To make clothing that beats back the Sun, fashion designers typically use light-colored fabric, which reflects visible light. But another method reflects the Sun’s electromagnetic radiation, including ultraviolet (UV) and near-infrared (NIR) radiation. NIR warms objects that absorb it and slowly cools them as they emit it. That cooling process, however, is stymied by our atmosphere: After being emitted from an object, NIR is often absorbed by nearby water molecules, heating up the surrounding air.
To speed up the cooling process, researchers are turning to mid-infrared radiation (MIR), a type of IR with longer wavelengths. Instead of being absorbed by molecules in the surrounding air, MIR energy goes directly into space, cooling both the objects and their surroundings. This technique is known as radiative cooling, and engineers have used it over the past decade to design roofs, plastic films, wood, and ultra-white paints.
Researchers at Rutgers University have developed a microchip that can perform real-time measurements of stress hormone levels in a drop of blood. The technology could provide a replacement for bulky and expensive lab tests for such hormones, and allow patients to monitor their stress levels more easily. The chip includes tiny wells that contain antibodies, and the technology monitors antibody binding through impedance measurements performed using electrodes within the device.
In JAMA Internal Medicine, researchers published an investigation of the NBA “bubble” campus in Orlando, Florida, that allowed teams to play against each other with only limited contact with the outside world.
The retrospective cohort study used data collected from June 11–Oct. 19, 2020, as part of the NBA’s closed campus occupational health program in Orlando. The camp required daily COVID-19 testing and restricted outside access. Nearly 4,000 NBA players, staff and vendors participated in the program.
Introduction: The purpose of this prospective cohort study was to investigate the prevalence and burden of “any physical complaint” in college female basketball athletes using a daily questionnaire. Methods: Fifty-four female college basketball players were recruited and followed up for 135 days using the Oslo Sports Trauma Research Centre questionnaire. Results: The questionnaire response rate was 96.4% (95% confidence interval: 95.7– 97.1). The average daily prevalence of any problem was 44.4%, whereas that of substantial problems was 16.0%. The anatomical areas found to be most frequently affected by physical problems were the ankle (average daily prevalence: 14.5%, 95% confidence interval: 13.4– 15.7), lower back (14.4%, 95% confidence interval: 13.7– 15.2), and knee (9.6%, 95% confidence interval: 9.0– 10.2). The cumulative severity score, calculated by summing severity scores and dividing by number of respondents, showed that ankle, knee, and lower back problems exhibited greater relative burden. Discussion: Injuries common in basketball athletes, such as ankle sprain, anterior cruciate ligament injury, overuse knee pain, and low-back pain, are reflected in the present data. [full text]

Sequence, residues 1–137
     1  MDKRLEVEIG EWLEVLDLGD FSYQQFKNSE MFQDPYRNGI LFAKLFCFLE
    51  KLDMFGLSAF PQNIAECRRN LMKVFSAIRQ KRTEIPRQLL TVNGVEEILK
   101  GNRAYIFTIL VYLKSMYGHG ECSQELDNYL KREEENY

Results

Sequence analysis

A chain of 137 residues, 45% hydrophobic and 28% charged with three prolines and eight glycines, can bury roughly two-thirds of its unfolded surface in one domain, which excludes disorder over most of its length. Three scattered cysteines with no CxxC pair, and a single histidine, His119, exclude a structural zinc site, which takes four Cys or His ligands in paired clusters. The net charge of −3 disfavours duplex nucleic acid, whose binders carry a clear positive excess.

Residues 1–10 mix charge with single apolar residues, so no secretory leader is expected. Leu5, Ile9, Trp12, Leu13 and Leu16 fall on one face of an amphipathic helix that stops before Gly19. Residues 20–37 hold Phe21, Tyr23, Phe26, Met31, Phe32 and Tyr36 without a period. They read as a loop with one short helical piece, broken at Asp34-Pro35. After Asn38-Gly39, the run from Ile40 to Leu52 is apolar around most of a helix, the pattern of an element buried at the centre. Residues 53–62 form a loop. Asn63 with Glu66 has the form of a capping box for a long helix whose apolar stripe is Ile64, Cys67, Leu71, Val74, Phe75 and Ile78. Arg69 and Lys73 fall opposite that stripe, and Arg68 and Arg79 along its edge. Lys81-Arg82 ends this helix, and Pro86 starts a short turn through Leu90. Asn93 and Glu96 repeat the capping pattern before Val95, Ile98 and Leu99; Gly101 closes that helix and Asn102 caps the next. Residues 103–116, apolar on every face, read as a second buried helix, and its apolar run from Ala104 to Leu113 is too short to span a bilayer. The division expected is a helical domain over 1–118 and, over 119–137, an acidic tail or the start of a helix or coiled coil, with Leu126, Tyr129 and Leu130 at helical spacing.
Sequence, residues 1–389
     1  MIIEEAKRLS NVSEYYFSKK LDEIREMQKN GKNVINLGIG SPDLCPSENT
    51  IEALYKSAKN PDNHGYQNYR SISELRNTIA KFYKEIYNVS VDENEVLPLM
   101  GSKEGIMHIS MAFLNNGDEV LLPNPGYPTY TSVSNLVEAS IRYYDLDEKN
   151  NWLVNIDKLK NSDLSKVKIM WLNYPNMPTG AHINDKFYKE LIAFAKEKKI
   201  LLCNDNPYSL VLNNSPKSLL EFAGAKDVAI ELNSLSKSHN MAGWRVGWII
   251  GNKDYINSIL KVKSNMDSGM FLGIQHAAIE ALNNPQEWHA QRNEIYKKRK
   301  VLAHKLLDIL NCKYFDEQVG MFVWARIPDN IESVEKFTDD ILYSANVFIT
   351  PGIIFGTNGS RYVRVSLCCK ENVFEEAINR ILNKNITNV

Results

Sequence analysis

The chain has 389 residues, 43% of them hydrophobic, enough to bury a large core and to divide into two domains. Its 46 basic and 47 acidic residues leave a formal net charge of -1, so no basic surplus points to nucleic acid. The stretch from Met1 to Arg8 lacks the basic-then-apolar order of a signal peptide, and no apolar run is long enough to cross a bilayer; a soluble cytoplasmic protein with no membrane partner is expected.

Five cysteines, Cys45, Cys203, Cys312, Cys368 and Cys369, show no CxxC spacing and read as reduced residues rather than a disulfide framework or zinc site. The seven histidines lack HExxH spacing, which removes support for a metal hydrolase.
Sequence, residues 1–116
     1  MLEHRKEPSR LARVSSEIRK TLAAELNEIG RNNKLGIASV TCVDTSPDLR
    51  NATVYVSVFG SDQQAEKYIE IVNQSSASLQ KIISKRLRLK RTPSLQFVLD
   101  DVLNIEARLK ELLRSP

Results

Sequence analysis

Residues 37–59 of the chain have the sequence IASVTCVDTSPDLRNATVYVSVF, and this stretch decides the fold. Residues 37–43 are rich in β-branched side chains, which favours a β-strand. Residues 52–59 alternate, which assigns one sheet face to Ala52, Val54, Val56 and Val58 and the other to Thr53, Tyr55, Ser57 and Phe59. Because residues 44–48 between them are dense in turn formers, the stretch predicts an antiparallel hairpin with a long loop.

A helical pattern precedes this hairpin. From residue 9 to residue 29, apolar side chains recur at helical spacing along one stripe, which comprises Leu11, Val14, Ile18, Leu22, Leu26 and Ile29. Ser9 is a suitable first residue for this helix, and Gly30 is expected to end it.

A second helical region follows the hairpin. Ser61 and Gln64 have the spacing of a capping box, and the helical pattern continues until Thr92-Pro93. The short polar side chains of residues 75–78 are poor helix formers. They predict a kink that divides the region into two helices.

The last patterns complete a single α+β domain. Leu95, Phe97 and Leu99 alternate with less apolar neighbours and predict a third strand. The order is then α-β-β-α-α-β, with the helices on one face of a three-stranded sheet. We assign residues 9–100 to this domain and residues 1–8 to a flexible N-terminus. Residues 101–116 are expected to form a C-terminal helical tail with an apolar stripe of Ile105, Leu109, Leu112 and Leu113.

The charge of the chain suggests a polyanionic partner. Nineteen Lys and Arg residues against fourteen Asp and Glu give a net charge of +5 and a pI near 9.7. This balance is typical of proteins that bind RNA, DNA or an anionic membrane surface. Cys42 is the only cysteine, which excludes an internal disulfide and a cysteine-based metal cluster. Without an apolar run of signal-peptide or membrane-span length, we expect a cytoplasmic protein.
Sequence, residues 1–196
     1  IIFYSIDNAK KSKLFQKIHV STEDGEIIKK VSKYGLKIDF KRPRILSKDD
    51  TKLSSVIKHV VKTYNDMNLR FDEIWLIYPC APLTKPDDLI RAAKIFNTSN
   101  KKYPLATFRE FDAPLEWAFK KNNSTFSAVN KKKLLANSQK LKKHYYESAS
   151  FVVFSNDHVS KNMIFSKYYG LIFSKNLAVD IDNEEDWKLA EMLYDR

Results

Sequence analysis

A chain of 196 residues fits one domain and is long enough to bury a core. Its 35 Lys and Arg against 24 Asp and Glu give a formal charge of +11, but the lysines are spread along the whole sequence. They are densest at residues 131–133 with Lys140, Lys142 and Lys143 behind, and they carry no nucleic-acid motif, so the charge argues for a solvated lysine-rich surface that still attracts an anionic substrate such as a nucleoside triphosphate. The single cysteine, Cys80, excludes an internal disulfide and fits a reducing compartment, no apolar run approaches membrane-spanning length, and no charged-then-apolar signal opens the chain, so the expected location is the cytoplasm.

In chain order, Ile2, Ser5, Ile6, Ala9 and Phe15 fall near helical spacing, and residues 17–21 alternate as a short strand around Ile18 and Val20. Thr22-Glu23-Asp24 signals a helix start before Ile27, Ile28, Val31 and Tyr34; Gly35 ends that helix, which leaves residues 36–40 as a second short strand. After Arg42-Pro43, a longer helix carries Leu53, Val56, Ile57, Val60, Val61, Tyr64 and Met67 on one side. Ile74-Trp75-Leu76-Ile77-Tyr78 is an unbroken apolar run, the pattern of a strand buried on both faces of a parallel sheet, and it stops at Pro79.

… At the time the first banned list was created, I was director for ethics and education at WADA and I attended some of those early meetings of the agency. There was no question the United States was not going to sign on the World Anti-Doping Code (WADC) unless marijuana was on the banned list. At that time, Gen. Barry McCaffrey, the director of the U.S. Office of National Drug Control Policy, wanted the code to deal with recreational drugs too, which were part of his office’s mandate.
Caffeine was also on the banned list at the time because of pressure from South American representatives, who didn’t have the money to run an educational campaign to combat an abuse problem in the region. They wanted WADA to deal with the issue instead. Caffeine was eventually taken off the list, but not before some athletes lost their medals for its use.
… In a new study, a team of economists scrutinized all the “strikes” and “balls” shouted and signaled by Major League Baseball (MLB) umpires from 2008 to 2018. There were a lot of calls — over three million across more than 26,000 games — about whether a ball in flight, often traveling faster than 90 miles per hour, was inside or outside of a batter’s strike zone.
Thanks to video technology called PITCHf/x, the economists determined the accuracy of the umpires’ calls. The umpires were pretty good. They called the pitches correctly 84 percent of the time and got them wrong 16 percent of the time.
What’s interesting is how this accuracy fluctuated during a game. During a pivotal moment, say, when a pitch call could break a tie at the end of a game, umpire accuracy soared.
“MLB umpires systematically vary the effort they apply to individual decisions, applying greater attention to those associated with higher stakes,” the economists from the University of Maryland, the University of Ottawa and Columbia University wrote in a paper about their analysis.